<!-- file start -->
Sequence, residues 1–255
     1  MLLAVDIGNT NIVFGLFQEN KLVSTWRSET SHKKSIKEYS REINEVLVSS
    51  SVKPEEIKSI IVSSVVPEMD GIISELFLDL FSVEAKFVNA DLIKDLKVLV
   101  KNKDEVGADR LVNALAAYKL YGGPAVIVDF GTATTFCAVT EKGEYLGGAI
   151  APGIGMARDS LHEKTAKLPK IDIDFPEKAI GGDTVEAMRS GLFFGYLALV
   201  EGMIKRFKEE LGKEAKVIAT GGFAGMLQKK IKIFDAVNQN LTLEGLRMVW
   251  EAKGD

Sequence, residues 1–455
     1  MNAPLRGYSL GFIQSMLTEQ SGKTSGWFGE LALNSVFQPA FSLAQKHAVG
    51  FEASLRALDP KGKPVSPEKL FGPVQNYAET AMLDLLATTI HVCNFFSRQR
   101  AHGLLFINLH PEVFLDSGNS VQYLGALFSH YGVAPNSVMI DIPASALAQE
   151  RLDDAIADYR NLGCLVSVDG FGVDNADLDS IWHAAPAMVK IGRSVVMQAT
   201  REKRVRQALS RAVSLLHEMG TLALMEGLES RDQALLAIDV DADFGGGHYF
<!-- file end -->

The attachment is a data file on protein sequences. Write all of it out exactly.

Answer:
Sequence, residues 1–255
     1  MLLAVDIGNT NIVFGLFQEN KLVSTWRSET SHKKSIKEYS REINEVLVSS
    51  SVKPEEIKSI IVSSVVPEMD GIISELFLDL FSVEAKFVNA DLIKDLKVLV
   101  KNKDEVGADR LVNALAAYKL YGGPAVIVDF GTATTFCAVT EKGEYLGGAI
   151  APGIGMARDS LHEKTAKLPK IDIDFPEKAI GGDTVEAMRS GLFFGYLALV
   201  EGMIKRFKEE LGKEAKVIAT GGFAGMLQKK IKIFDAVNQN LTLEGLRMVW
   251  EAKGD

Sequence, residues 1–455
     1  MNAPLRGYSL GFIQSMLTEQ SGKTSGWFGE LALNSVFQPA FSLAQKHAVG
    51  FEASLRALDP KGKPVSPEKL FGPVQNYAET AMLDLLATTI HVCNFFSRQR
   101  AHGLLFINLH PEVFLDSGNS VQYLGALFSH YGVAPNSVMI DIPASALAQE
   151  RLDDAIADYR NLGCLVSVDG FGVDNADLDS IWHAAPAMVK IGRSVVMQAT
   201  REKRVRQALS RAVSLLHEMG TLALMEGLES RDQALLAIDV DADFGGGHYF